Greater Manchester Magistrates’ Court heard how, on 30 June 2017, Terrance Murray was spotted erecting scaffold in an unsafe manner by a concerned member of the public.
Photographs were taken of Murray standing on top of the scaffold in Quay Street, Manchester, with no edge protection and no harness attached to any part of the scaffold or building.
The fall height was estimated at between 13 and 18 metres.
If he had fallen from this height into the concrete deck of the car park below there is a high probability that he would have sustained fatal injuries.
An HSE investigation found that Murray’s employers had taken reasonable steps to avoid working unsafely at height.
Murray was well trained and experienced, and had the correct equipment available to him in order to work safely.
He acted alone against his better interest and training to work without edge protection and safety measures in place.
Murray was also accompanied by a trainee scaffolder at the time and so was setting an unsafe example.
Terrance Murray of Blackburn pleaded guilty to safety breaches and was sentenced to 26 weeks in prison, suspended for one year and 100 hours of community service.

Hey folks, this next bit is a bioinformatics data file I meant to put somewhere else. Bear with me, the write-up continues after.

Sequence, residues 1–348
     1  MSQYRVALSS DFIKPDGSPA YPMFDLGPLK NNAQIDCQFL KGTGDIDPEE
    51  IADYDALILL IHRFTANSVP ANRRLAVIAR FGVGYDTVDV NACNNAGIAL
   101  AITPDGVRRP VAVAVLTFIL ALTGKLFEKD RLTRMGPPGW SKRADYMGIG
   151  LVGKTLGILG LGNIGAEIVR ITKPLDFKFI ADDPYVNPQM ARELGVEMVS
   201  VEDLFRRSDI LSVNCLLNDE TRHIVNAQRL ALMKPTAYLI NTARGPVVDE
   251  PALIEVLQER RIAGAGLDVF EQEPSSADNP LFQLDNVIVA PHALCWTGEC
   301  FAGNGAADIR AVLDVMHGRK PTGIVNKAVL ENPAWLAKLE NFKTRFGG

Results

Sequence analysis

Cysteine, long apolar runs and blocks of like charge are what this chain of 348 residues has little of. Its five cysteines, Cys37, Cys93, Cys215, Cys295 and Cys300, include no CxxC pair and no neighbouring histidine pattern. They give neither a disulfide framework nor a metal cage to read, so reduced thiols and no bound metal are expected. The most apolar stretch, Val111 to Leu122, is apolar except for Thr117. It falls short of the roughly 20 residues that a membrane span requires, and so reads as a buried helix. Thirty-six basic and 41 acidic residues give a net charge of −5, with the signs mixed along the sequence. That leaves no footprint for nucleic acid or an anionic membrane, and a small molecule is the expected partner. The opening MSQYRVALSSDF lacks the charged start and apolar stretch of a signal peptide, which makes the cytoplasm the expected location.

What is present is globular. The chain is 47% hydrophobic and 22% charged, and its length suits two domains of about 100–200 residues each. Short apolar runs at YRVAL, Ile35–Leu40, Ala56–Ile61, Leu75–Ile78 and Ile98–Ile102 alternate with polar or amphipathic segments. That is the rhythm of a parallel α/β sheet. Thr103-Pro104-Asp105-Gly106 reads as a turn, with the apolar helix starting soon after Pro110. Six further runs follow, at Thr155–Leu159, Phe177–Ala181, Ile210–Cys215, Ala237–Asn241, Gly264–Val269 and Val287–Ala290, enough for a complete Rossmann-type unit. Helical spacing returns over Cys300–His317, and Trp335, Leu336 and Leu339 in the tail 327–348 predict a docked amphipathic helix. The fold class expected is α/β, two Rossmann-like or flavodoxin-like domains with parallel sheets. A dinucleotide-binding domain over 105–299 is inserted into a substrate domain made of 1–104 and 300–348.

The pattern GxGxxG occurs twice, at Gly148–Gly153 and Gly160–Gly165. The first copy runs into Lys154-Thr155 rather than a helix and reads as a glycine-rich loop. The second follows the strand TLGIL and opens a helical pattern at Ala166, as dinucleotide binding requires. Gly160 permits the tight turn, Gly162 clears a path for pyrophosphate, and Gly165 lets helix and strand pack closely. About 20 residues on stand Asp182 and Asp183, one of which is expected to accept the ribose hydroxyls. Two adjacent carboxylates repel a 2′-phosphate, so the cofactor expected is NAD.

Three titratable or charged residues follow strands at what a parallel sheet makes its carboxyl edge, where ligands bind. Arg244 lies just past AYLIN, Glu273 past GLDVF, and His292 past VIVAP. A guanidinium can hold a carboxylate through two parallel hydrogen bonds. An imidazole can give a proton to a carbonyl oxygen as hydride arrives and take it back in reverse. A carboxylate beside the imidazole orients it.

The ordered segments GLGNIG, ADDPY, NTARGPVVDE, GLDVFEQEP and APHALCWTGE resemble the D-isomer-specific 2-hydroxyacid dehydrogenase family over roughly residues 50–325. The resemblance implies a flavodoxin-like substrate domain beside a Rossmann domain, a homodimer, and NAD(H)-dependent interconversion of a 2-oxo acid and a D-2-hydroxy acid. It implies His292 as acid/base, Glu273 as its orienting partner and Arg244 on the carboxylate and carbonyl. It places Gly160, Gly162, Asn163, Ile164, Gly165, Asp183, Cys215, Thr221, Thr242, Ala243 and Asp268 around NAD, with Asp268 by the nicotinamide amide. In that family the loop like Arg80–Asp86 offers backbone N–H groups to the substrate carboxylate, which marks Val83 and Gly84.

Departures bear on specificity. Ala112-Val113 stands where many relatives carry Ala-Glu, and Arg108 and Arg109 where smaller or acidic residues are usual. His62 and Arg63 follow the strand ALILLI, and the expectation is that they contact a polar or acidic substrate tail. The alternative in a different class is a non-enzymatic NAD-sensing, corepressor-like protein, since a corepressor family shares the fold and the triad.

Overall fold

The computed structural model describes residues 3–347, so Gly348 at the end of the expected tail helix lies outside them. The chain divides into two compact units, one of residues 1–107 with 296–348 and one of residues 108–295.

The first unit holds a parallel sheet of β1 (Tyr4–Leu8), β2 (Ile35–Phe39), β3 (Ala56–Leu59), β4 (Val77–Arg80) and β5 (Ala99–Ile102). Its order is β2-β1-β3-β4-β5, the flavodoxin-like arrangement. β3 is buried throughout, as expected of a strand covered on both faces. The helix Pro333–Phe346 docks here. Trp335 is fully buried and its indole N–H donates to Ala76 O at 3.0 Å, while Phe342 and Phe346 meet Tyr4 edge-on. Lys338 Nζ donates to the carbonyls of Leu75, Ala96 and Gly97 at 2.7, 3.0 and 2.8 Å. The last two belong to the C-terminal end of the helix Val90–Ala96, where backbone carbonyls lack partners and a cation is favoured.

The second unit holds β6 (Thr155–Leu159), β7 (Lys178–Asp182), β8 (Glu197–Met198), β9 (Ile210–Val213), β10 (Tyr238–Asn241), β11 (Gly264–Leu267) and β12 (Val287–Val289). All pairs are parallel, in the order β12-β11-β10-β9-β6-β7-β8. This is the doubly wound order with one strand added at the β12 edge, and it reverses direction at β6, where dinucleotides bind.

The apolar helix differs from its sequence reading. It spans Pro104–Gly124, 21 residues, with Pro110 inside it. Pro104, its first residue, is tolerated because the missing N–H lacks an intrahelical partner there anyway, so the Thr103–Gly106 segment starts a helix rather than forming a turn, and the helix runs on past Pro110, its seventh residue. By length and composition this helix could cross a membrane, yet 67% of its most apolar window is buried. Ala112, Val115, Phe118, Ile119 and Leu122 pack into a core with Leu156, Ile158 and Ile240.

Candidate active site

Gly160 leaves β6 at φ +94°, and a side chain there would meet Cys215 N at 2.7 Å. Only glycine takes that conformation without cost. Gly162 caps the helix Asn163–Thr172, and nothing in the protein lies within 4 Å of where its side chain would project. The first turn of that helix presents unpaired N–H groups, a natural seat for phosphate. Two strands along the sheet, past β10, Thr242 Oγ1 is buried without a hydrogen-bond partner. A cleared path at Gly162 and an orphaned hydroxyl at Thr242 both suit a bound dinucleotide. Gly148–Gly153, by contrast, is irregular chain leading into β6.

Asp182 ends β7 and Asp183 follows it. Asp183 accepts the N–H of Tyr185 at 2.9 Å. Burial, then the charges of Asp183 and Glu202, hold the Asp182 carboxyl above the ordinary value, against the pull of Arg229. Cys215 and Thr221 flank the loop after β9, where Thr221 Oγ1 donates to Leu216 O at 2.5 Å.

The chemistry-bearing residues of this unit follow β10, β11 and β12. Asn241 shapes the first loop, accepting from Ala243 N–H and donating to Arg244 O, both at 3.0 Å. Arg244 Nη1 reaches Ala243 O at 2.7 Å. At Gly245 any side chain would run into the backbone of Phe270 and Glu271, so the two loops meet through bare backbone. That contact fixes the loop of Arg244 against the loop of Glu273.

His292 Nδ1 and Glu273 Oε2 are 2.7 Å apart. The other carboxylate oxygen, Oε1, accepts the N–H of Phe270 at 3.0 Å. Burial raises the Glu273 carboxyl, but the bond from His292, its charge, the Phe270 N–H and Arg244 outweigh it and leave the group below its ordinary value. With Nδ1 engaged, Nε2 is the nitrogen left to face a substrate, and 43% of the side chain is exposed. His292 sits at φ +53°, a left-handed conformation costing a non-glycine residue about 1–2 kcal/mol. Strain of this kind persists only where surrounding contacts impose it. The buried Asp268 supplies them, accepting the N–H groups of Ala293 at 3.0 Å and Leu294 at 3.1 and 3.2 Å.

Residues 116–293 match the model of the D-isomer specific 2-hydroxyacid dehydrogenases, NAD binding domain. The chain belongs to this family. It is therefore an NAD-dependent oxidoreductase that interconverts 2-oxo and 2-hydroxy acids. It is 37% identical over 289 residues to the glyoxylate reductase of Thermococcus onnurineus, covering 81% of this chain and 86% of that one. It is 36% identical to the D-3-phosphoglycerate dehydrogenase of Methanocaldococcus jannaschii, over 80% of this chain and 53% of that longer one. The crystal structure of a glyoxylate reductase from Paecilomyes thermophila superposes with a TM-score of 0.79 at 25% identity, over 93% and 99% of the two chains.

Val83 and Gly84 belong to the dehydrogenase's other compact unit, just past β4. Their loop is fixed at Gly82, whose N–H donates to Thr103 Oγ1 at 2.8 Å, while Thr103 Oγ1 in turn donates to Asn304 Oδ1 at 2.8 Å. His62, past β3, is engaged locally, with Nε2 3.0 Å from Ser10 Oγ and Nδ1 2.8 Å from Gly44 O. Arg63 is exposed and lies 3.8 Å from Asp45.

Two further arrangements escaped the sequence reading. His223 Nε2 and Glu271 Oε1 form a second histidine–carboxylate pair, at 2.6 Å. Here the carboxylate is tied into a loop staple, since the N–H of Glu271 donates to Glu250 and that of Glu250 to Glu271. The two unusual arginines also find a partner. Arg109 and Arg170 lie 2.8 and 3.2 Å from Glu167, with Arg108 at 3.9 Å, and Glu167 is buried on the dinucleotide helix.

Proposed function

He was also ordered to pay costs of £500 and a victim surcharge of £115.
Speaking after the hearing, HSE inspector Seve Gomez-Aspron said: “Falls from height remain one of the most common causes of work related fatalities in this country and should be taken seriously.
“This case highlights the importance of following industry guidance in order to erect scaffolding in a safe manner, which does not cause risk to members of the public and workers using the scaffold.
“It also serves to remind employees that they have a duty to look after themselves.”